A canvas / Of delicately oiled / Skin, stretched taut
Was it a fall? Did I miss the last step? These things I cannot recall / Hidden from sight, the blood crept from one lone vessel and began to compress / Nice to meet you, one medical student said, as he unzipped my sheath
“That’s rubbish.” My new friend — I’ll call her Sylvia — lay supine on her bed, staring bleary-eyed at the ceiling. White bedsheets swathed her long, gaunt limbs, and her sickly pallor startled me.
Hepatic failure claimed him mentally, / And colored yellow both his eyes so wide / As too his being stained corporally.
The many tables corral him, / All the people surround him, / A trained doctor he is not, / Giving up, he hasn’t thought.
Before long, I will become, to my patients, a keeper of time. With my long white coat will come the privilege of speaking to a patient who is learning what it means to have limited time left.
Dan and I mimicked ducklings as we followed our senior resident, Tassia, single file down the stairs on our way back to the resident room. As we neared the bottom, we crossed paths with another medicine resident leading two medical students playing the same roles as Dan and I.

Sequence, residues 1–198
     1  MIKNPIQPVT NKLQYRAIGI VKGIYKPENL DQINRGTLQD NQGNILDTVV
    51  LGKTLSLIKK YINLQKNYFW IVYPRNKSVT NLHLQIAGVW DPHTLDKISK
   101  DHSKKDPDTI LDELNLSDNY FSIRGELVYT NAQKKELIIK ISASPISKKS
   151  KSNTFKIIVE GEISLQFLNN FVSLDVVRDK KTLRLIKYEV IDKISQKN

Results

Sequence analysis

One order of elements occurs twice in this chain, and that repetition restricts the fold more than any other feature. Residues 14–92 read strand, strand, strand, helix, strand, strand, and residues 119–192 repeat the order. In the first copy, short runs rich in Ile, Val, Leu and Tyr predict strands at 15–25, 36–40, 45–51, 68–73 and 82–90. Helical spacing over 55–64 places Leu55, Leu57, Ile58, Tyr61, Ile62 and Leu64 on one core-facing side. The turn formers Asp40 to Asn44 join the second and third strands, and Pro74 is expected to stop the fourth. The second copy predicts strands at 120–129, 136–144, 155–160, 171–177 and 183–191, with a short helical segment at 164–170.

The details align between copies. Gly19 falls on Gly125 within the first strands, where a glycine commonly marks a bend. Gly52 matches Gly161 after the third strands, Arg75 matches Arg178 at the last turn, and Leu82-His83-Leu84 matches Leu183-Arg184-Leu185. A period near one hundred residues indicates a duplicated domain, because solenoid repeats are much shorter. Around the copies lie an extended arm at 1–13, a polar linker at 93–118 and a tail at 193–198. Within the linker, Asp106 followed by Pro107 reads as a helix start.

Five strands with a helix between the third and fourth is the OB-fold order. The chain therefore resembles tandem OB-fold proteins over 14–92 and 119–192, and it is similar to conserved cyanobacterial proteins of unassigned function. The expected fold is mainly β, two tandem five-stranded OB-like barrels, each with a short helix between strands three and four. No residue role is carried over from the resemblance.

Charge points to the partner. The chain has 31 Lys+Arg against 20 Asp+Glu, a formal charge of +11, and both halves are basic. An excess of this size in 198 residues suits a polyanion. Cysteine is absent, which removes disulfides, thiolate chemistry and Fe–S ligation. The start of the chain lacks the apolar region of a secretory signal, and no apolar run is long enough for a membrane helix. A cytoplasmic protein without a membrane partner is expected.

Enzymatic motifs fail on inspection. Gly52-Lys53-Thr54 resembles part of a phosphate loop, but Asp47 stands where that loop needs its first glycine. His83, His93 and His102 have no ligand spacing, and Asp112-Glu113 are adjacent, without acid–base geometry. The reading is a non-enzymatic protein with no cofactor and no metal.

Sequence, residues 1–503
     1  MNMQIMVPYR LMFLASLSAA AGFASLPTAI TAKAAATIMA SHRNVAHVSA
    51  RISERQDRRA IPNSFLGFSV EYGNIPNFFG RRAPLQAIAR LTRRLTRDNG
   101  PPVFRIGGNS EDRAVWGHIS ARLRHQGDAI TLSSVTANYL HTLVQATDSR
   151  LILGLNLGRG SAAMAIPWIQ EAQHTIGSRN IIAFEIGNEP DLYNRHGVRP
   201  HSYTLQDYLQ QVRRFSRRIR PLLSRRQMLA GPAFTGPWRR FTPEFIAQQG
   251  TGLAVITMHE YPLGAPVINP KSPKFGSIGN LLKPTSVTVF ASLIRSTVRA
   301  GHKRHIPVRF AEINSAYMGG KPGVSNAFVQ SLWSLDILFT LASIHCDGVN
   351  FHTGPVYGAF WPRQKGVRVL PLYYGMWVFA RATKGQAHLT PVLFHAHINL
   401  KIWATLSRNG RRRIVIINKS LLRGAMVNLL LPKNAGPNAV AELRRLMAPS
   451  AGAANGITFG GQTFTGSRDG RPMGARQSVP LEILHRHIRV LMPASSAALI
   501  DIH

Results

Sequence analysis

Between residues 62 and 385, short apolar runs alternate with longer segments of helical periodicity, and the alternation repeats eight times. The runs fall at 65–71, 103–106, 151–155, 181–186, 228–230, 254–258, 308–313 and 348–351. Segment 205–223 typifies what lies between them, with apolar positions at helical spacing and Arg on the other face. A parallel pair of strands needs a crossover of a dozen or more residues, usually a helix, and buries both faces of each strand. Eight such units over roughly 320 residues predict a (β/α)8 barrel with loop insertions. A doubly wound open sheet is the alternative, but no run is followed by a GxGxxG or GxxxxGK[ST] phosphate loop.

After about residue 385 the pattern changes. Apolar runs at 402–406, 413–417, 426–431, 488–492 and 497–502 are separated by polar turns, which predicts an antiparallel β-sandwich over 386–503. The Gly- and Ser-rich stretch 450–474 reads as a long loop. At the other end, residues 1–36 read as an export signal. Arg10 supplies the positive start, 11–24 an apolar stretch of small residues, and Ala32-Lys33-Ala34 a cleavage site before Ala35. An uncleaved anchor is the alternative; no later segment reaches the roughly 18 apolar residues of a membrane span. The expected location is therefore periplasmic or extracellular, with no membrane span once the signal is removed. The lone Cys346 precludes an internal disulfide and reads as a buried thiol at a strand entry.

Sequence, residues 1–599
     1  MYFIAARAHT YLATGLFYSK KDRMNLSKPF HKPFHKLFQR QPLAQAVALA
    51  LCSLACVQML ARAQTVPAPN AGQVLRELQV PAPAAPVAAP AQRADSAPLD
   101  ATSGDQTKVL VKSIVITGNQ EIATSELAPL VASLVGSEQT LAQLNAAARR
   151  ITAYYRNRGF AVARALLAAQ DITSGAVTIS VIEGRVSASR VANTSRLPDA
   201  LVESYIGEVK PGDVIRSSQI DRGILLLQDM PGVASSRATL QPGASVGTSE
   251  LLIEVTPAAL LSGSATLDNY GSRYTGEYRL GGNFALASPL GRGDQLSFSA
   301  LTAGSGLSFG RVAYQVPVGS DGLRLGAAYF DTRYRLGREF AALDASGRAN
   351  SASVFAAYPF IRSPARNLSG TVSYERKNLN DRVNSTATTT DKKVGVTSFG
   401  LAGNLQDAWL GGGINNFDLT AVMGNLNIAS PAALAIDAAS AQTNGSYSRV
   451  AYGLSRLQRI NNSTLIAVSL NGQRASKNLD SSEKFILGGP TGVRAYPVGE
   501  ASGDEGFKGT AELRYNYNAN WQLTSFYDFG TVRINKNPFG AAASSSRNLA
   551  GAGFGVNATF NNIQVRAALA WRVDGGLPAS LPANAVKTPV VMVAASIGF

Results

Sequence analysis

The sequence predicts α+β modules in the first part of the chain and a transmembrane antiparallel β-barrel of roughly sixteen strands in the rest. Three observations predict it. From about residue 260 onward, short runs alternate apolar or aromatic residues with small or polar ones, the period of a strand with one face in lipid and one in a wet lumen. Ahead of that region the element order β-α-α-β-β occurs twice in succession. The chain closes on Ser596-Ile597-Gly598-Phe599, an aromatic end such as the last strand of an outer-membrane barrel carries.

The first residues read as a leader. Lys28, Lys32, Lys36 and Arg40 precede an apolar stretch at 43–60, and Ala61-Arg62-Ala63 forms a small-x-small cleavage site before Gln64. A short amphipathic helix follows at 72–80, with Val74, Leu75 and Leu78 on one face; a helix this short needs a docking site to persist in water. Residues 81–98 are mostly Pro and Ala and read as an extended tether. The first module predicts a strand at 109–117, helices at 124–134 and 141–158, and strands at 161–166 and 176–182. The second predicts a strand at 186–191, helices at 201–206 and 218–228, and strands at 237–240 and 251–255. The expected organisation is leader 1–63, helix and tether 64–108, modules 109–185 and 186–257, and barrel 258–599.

“I used to be an elementary school art teacher in San Francisco.” The more he smiled and the more he spoke, the larger the lump grew in my throat. He wore a grayed t-shirt that matched his unkempt black beard.
I found them for you. / Your blonde little girls who grew into women / Then grew apart from you. / I found them.
To physicians, hospice frequently symbolizes defeat. Referring a patient to hospice care can feel like admitting that disease has defeated years of training. In medical school, we are trained that the role of the doctor is to fight the disease and find the cure.
At 7:21 p.m., I arrive at the hospital for the first overnight shift of my medical career. It’s not a great start — the bus was late, and I didn’t sleep nearly enough this afternoon in preparation for the night ahead.
Tears hold onto the ledges of her eyes. As the physician and I approach, a quivering begins. It emerges at the jaw, a flutter running across her lips, only to drop onto her shoulders and envelop her hands.